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Burberry Says Digital Key to Near-Term Growth

Burberry Group plc said the coronavirus and some temporary store closures drove a sales dip in the third quarter.

The decline in retail sales for the quarter ended Dec. 26 was 4.3 percent to 688 million pounds ($939.2 million) from 719 million pounds ($981.6 million) in the year-ago quarter. Comparable store sales fell 9 percent in the period. Sales in Asia Pacific were up 11 percent, with strong growth in Mainland China and Korea. But sales in Europe, Middle East, India and Africa were down 37 percent due to fewer tourists and coronavirus closures. The Americas were down 8 percent as a mid-teen increase in full-price sales were offset by planned reductions in markdown activities.

Burberry said about 15 percent of its store base, or up to 62 stores, were closed at the height of the third quarter lockdowns. Despite temporary store closures and reduced operating hours, the company said it achieved a high single-digit full-price sales increase in the quarter. “Full-price sales were particularly strong in rebounding markets—Americas, Mainland China and Korea—where our efforts translated to double-digit growth. To further strengthen our brand, we implemented the reduction in markdown periods and products as planned,” the company said.

Burburry’s Festive campaign in November and Lunar New Year capsule in Mainland China at the end of December attracted new customers to the brand, leading to double-digit growth within full-price sales, it added.

While the pandemic continues to disrupt consumer spending, Burberry said digital will remain instrumental in driving growth, pointing to “digital innovations” such as popups and local activations that supported more than half of its e-commerce growth. “In addition, we continued to use our digital capabilities to link customers to our stores in periods of limited traffic or lockdowns, including through our new live chat functionality on .com, virtual appointments and virtual client events,” it added.

Burberry become the first luxury company to partner with the Business Disability Forum, and continued supporting Covid-19 relief efforts. Preliminary analysis of the EU-UK Trade and Cooperation agreement would likely result in a “modest increase in border trade compliance costs as well as some incremental duty under the rule of origin,” it said.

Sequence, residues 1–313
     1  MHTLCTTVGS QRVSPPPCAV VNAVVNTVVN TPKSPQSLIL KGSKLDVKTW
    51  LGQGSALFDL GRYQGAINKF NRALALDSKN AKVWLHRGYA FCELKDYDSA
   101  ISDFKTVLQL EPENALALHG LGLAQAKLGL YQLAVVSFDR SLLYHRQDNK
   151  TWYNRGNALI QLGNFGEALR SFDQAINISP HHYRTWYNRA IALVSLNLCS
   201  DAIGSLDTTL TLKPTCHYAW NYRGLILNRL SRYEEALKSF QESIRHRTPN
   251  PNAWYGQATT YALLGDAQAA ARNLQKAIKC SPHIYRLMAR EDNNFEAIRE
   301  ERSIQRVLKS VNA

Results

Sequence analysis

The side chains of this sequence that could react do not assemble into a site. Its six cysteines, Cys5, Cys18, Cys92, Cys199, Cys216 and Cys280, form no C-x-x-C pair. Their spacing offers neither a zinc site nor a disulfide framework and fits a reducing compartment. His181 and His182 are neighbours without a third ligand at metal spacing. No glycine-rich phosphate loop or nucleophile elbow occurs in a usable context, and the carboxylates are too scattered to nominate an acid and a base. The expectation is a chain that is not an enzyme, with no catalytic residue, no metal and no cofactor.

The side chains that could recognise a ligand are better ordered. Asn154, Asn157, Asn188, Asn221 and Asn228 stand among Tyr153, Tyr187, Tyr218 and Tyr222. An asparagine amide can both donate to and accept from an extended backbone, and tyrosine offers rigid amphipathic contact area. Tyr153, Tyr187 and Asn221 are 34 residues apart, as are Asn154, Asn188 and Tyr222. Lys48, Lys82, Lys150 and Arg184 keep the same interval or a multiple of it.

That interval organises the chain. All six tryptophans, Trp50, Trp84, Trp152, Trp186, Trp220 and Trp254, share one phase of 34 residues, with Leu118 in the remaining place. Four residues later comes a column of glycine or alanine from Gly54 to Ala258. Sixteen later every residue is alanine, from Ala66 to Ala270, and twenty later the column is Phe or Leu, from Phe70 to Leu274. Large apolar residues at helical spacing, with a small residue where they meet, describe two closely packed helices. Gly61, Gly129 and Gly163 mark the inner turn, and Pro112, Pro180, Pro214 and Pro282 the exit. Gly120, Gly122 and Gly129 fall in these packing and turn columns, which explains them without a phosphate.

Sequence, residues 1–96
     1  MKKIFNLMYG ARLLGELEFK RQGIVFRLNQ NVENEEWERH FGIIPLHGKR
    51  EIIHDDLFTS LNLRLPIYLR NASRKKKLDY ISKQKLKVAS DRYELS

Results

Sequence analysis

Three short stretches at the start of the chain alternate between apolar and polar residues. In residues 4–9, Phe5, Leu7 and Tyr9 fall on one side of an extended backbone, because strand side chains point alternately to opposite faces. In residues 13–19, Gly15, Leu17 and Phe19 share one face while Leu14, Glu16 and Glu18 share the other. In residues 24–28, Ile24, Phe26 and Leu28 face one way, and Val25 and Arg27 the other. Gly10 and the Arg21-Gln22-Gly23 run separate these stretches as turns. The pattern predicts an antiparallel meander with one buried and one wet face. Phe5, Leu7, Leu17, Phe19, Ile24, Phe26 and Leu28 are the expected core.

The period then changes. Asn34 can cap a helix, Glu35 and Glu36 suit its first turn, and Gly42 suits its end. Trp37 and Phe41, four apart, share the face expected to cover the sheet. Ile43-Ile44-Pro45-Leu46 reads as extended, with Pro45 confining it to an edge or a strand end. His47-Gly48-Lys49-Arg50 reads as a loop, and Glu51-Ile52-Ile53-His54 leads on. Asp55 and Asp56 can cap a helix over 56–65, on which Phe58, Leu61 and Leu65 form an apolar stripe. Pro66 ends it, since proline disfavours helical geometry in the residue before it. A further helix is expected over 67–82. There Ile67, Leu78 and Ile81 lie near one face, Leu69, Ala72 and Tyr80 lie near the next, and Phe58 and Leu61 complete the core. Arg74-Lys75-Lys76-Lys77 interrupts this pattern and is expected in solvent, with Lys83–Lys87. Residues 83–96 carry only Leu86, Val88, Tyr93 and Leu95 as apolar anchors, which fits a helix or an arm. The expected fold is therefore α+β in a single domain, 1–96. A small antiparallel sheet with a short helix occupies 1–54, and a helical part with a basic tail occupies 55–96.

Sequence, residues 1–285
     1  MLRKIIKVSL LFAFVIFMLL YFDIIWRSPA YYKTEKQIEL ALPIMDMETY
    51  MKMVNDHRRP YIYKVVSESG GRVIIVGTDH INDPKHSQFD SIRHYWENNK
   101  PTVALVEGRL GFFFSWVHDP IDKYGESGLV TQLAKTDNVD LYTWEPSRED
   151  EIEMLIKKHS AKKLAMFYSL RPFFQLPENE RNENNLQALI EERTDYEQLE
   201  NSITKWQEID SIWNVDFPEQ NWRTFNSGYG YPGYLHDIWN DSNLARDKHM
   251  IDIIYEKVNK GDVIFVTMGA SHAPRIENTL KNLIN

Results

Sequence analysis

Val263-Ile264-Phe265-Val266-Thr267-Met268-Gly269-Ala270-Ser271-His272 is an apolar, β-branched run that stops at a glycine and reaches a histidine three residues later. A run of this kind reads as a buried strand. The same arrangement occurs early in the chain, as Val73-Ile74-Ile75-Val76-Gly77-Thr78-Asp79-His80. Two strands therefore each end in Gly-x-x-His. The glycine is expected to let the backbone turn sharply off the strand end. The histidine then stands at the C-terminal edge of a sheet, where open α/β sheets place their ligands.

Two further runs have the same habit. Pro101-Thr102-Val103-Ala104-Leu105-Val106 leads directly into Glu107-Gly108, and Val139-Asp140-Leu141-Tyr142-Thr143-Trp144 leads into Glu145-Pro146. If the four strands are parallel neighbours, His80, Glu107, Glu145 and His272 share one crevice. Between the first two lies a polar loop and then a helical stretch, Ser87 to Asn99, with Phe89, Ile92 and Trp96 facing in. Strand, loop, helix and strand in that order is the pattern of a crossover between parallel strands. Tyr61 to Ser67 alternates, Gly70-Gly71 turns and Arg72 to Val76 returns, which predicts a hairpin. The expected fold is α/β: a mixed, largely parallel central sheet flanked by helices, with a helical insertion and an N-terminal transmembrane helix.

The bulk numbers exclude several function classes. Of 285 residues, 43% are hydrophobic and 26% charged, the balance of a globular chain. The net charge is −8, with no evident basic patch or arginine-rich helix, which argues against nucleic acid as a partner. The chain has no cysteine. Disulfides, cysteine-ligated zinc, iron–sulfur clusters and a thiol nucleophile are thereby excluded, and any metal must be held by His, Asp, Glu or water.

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“We saw a strong increase in full-price sales as our collections and communication resonated well with new, younger clientele as well as existing customers. Our localized plans and digital capabilities helped drive growth in rebounding markets and we implemented our planned reduction in markdown. While the short-term outlook remains uncertain due to Covid-19, we are well placed to accelerate when the pandemic eases,” said Marco Gobbetti, Burberry CEO.

The British luxury firm said it remains “encouraged” by its strong underlying outperformance of full-price sales in the third quarter and that it expects continued progress on its strategic objectives in the fourth quarter, despite ongoing Covid-19 disruptions. “Gross margins will benefit from full price, regional and channel mix changes as well as lower stock provisions. Inventory and cost management plans remain on track,” it said.

At the moment, 15 percent of stores are closed and 36 percent are operating with reduced hours or restrictions. Noting the uncertain trajectory given the spread of the more transmissible new variants of Covid-19, Burberry said it expects possible regional disruptions for the rest of the fiscal year. It also noted that cost savings are currently “running in line with plan and we are on track to see inventory below last year’s levels.”

At the end of the quarter, Burberry operated 215 retail stores, 148 concessions, 57 outlets and 44 franchise stores, excluding popups.